Guidelines For Keeping A Journal

I usually do my journal writing with pen and ink in lined paper notebooks. In fact, I keep several different journals, each in a different notebook: my personal/professional journal in a small (7 X 10) leather loose leaf; my teaching journal in an equally small cardboard loose leaf; my travel journal in an even smaller (5 X 7) spiral bound (carried in a tank bag on cross-country motorcycle trips). I always have the personal journal with me, in my book bag, to catch thoughts related to my everyday life or to think about professional projects now under way or in need of doing. It's the ease and portability I enjoy, always having with me a favorite fountain pen, preferring to do my journal writing in especially comfortable places—on a couch, under an apple tree, on my front porch.

However, I also do journal writing with my portable and desk top computers for more specific research projects that lead to writing projects. In these instances, I keep related files in a single folder/directory on

Guidelines for Keeping a Journal 51

my hard drive along with other notes about that project (and a backup copy on disk). By using the computer for deliberate acts of journal writing, I already have typed copy started that sometimes I import into documents I'm writing.

My own habits may serve as a preface to the following suggestions for keeping a journal. It really doesn't matter whether you use pen and paper or a computer, so long as you are able to write when you need to. The only real limitation of keeping a journal on a computer is that you may not have it when you need it—journal writing in class, for instance. What remains important is that you write as a way to reason. The following suggestions may help you keep your journal active:

1. If required to keep a journal for class, buy a loose-leaf notebook. Removable paper is an advantage if teachers want to see selected entries: you can hand some in without surrendering your whole notebook, or you can delete sensitive or trashy entries if the whole notebook is collected.

2. Divide your notebook into sections: one for class, another for more personal thoughts, and maybe another for a specific research project or even another class.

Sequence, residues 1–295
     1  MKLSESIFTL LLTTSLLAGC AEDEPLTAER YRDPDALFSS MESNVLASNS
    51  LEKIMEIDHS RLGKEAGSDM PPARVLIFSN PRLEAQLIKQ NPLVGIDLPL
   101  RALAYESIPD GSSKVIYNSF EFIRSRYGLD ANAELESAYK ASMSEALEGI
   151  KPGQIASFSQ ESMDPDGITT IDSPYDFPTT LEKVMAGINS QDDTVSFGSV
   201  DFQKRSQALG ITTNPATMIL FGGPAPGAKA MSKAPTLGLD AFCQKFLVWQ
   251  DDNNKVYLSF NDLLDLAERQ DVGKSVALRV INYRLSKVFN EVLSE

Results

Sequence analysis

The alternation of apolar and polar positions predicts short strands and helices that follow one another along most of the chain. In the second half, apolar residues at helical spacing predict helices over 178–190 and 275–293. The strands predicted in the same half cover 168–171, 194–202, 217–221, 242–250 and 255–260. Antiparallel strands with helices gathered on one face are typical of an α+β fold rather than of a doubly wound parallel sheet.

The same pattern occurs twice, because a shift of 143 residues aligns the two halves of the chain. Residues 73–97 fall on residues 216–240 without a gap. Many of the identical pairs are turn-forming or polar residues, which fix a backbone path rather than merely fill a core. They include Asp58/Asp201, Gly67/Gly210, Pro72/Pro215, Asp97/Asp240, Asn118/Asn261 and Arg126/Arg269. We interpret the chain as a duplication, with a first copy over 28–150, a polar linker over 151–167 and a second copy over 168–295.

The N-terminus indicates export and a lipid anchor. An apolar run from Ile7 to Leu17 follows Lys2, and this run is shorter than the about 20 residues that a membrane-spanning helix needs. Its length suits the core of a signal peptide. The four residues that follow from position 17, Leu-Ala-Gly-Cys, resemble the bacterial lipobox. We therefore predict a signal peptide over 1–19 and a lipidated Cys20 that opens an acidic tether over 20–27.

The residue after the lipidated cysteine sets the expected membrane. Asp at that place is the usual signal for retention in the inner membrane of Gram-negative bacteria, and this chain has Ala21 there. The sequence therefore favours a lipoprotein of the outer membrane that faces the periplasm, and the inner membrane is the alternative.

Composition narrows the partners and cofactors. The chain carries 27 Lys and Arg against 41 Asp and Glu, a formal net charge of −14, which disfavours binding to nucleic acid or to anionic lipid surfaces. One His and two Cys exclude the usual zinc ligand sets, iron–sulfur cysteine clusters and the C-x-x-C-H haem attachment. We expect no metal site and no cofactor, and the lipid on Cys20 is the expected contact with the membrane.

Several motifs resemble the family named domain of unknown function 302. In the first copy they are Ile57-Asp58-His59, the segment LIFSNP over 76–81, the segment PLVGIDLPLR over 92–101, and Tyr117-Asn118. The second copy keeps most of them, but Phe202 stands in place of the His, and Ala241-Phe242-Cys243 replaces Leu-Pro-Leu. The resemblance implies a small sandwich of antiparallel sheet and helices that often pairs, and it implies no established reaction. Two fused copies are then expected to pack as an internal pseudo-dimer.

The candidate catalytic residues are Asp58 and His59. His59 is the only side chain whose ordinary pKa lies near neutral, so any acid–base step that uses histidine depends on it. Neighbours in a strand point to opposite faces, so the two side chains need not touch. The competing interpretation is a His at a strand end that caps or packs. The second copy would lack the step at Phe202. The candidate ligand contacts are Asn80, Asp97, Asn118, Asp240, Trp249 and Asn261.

3. Date each entry. The dates of journal entries allow you (or instructors) to witness the evolution of your thoughts over time. I also add day of week, time of day, and weather—just to complete my record keeping. With a computer, if you open a new file for each entry, date and time are automatic.

4. Start each entry on a fresh page. Blank pages ask to be filled, and the more you write, the more you think. (The inevitable white spaces on half-filled pages also invite the taping in of clippings, notes, news items, and photos—making your journal something of a scrapbook as well.)

5. Write in your natural voice. Use the voice that's most comfortable; first person, contractions, and other easy language shortcuts. A journal is a place for capturing ideas in their rough and ready stages; worry about more careful language when you write to audiences other than yourself.

6. Experiment with writing at different times of day; notice how early-morning thought differs from late-evening thought.

7. Experiment with writing in different places; notice how in-class writing differs from library writing, and how both differ from writing at home or on the beach.

8. If asked to hand in your journal at the end of a semester, prepare it for public reading: delete unimportant entries; add titles for each entry; add page numbers; make a table of contents; star important entries; and write an introduction alerting a stranger to themes or ideas to look for. Preparing your journal in this way not only helps an instructor read it, it helps you remember what you wrote when.


1. For one week, focus on one dimension of journal writing that you normally ignore (e.g., observation of evaluations) and write as many entries that do this as you can. (And, of course, write a journal entry about the results.)

2. Keep a research log (separate from your normal class journal in some way) for three or four weeks about whatever subject interests you. Note there all of your preconceptions, hunches, theories, tentative conclusions, good leads, and false starts.


1. Keep a reading journal about one book you are currently reading. When you have finished, examine the pros and cons of writing while reading, including in your essay any passages from your actual journal that may support your case. (Append a sample of your journal to the end of this paper.)

2. Keep a journal for the duration of one research project or paper you are doing in another class. When the project or paper is finished, edit and write an introduction to this journal in which you explain its role in finishing the product. (Append the finished paper to the journal for reference.)


1. INDIVIDUAL: Locate in the library the published journal of somebody who interests you or was mentioned in this chapter. Write a report in which you explain how this person used the journal and speculate how it might have related to his or her work.

2. COLLABORATIVE: Interview some of your teachers or other working people in your community who keep a record or something like a journal. Find out why they keep it, how they use it, and how often they write in it. Put together a report for this class on the current use of this informal mode of writing in your community. Write about one suggestion here that strikes you as new and why you think it will be useful to you.

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  • annunziata
    How to write an academic journal for college?
    7 years ago
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    What to write about in college writing journal?
    7 years ago

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